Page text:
That the answer is as much nothing as everything -- at once blatant sexism and blithe non sequitur, in a vividly mundane world -- explains the limits of 1Q84, but also the global ascendency of the Murakami mode. Call it airport literature for the intercontinental, extended-stay-visa set, legitimate page-turners fueled by cosmopolitan anomie in place of byzantine conspiracy.  


Indeed, with early novels like Hard-Boiled Wonderland and the End of the World (a Carver-Kafka fantasy pastiche) and Norwegian Wood (after the Beatles song), Murakami gained a reputation in the 1980s as an unusually un-Japanese Japanese writer. This was, of course, when the Japanese were still expected to be very Japanese, to act more themselves than perhaps any other people on earth; Yasunari Kawabata, for one, had taken home the country's first Nobel in literature for stories about geishas, tea ceremonies, and Go grandmasters. But Murakami's consciousness of the political and historical has grown significantly in the intervening years, and so too has the general understanding that his Japan of pasta and Kafka has always been as authentic as any other. The result is a return to the '80s that can come perilously close to reading like a national literature.


1Q84 begins (and ends) in 1984, on Tokyo's Inbound Expressway Number 3. Gridlocked and late for an appointment (assassination), Aomame alights from her cab -- a top-of-the-line Toyota Crown Royal Saloon -- on foot, or rather in "chestnut-colored Charles Jourdan heels." (She also owns Ferragamo heels, later paired with "a small Bagagerie purse" on a night out with Ayumi, who sports Comme des Garçons and Gucci: Among the tinier pleasures of this big novel are the haphazard early lapses into a sort of Japanese Psycho of bold-faced brand names.) The alternate history, and future, of 1Q84 is supposed to set in as she climbs down from the elevated highway.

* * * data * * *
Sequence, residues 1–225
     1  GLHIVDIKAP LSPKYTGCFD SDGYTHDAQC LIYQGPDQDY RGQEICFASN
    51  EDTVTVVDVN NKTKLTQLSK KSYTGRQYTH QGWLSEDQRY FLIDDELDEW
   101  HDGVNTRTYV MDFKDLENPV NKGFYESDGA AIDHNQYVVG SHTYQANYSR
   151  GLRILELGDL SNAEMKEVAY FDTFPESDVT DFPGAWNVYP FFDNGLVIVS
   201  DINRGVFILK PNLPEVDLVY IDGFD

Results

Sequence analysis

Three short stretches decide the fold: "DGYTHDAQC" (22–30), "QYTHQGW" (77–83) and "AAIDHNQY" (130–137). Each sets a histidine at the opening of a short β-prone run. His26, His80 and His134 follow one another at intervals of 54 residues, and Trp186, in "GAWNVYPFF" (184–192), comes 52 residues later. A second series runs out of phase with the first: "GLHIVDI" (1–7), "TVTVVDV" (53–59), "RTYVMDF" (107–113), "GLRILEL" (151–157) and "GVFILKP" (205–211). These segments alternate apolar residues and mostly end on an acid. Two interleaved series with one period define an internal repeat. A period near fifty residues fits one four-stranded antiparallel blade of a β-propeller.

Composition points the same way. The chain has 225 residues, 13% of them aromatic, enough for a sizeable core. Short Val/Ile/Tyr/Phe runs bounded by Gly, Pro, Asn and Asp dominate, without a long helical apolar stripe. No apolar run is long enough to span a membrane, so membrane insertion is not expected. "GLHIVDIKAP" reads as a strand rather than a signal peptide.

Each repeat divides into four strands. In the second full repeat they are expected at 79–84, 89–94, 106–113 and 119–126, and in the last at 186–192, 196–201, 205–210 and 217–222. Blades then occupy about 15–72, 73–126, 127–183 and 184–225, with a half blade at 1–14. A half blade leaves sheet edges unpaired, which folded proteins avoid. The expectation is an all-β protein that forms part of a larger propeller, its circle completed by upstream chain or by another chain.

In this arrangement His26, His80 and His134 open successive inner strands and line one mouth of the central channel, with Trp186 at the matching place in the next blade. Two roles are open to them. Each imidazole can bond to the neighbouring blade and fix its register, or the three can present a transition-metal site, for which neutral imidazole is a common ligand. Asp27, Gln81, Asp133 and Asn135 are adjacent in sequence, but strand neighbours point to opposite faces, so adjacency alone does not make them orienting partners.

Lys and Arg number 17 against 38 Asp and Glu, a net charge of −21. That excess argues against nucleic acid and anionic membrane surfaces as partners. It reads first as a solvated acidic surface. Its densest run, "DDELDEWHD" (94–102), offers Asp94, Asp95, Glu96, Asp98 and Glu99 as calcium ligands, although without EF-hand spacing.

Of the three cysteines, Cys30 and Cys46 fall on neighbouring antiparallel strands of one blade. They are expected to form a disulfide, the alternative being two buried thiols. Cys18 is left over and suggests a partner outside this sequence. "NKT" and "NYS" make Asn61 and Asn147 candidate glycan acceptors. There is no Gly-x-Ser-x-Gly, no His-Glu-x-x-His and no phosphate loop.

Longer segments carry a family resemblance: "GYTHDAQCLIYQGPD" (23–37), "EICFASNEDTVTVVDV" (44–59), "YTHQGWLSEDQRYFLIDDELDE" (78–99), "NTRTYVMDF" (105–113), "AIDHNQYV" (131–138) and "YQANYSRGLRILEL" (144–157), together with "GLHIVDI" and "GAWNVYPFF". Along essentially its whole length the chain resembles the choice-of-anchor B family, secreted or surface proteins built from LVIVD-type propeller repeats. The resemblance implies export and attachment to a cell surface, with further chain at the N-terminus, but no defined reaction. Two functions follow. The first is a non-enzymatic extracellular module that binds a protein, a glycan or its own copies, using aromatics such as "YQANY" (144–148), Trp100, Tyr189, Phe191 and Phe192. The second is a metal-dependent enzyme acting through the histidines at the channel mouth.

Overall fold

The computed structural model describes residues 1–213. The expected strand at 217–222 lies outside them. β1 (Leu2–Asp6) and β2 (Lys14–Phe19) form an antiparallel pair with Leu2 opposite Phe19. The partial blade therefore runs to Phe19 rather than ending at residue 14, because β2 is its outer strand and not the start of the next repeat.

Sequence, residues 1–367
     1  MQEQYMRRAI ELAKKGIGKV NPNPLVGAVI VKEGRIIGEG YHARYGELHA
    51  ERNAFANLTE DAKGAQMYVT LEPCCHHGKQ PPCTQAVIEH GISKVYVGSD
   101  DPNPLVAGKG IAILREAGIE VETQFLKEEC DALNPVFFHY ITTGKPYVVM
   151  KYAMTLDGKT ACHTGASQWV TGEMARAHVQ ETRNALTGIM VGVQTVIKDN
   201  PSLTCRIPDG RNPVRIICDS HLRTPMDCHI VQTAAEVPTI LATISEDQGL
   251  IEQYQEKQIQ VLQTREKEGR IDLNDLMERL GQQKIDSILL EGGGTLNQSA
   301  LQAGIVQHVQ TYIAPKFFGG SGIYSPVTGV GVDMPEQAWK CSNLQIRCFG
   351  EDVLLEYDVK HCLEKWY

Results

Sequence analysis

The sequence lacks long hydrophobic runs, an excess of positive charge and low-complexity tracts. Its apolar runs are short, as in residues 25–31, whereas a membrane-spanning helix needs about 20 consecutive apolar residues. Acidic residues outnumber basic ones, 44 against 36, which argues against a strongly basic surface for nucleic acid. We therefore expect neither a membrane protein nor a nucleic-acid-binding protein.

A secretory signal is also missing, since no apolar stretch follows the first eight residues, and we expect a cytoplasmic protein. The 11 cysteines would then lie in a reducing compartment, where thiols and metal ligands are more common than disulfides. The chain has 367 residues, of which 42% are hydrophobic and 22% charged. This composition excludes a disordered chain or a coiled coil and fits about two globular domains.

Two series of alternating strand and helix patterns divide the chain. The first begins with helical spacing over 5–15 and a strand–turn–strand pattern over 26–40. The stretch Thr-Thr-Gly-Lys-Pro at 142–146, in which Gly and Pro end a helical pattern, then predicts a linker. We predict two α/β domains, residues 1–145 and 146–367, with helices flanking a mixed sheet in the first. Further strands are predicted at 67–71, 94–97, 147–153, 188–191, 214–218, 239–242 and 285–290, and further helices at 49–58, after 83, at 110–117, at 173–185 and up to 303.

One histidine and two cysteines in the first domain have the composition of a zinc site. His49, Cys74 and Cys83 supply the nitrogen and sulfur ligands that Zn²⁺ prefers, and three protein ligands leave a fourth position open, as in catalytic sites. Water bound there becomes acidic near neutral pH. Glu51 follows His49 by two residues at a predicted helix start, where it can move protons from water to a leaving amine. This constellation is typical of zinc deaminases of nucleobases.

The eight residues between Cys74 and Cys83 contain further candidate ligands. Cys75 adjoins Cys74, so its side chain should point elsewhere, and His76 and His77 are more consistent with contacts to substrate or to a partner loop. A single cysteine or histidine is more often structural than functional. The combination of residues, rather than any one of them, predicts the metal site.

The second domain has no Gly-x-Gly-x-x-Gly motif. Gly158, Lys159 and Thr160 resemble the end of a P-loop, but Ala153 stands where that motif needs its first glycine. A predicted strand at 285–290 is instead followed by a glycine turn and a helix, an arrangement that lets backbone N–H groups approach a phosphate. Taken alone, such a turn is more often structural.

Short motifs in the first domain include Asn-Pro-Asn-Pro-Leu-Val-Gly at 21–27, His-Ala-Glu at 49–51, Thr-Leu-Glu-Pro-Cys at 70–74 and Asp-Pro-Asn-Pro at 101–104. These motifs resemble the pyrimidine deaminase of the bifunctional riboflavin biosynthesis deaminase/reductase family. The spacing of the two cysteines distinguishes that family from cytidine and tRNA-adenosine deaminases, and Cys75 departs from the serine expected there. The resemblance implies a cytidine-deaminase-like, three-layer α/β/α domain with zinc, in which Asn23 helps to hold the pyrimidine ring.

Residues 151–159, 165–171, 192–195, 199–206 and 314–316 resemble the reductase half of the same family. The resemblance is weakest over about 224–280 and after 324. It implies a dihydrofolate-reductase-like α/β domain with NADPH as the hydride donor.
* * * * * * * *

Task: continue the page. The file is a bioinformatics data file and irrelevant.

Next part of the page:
The Aomame story of vigilantism, group sex, and twin moons alternates mechanically -- chapter by chapter, a rather too-neat Murakami trademark -- with Tengo's baptism into the Tokyo literati as ghostwriter-cum-conspirator. Fuki-Eri, the photogenic girl-author of the flying-saucer bosom, is revealed to be dyslexic (though the symptoms suggest something on the autism spectrum); recruited by a scheming editor, Tengo's task is to turn her fantasy manuscript "Air Chrysalis" into something conventionally readable, for a silent third of the profits. Needless to say, the sprites and spirits of the girl's novella turn out to be more than fiction, and the Tengo and Aomame strands will not stay unrelated or disentangled forever.


Did Japan -- the real Japan, then at the peak of its Rising Sun boom times -- somehow get waylaid onto the path of 1Q84 twenty-seven years ago? Aomame and Tengo find themselves detoured in a world stalked by a shadowy all-powerful death cult, where nature itself seems to be in revolt. One can't help but see two lost decades, and the 1995 Sarin gas attacks, and this year's tsunami and Fukushima meltdown in these contours. But Murakami finally whiffs on such relevancies, pursuing instead a series of mostly tortured correspondences with Orwell's dystopia.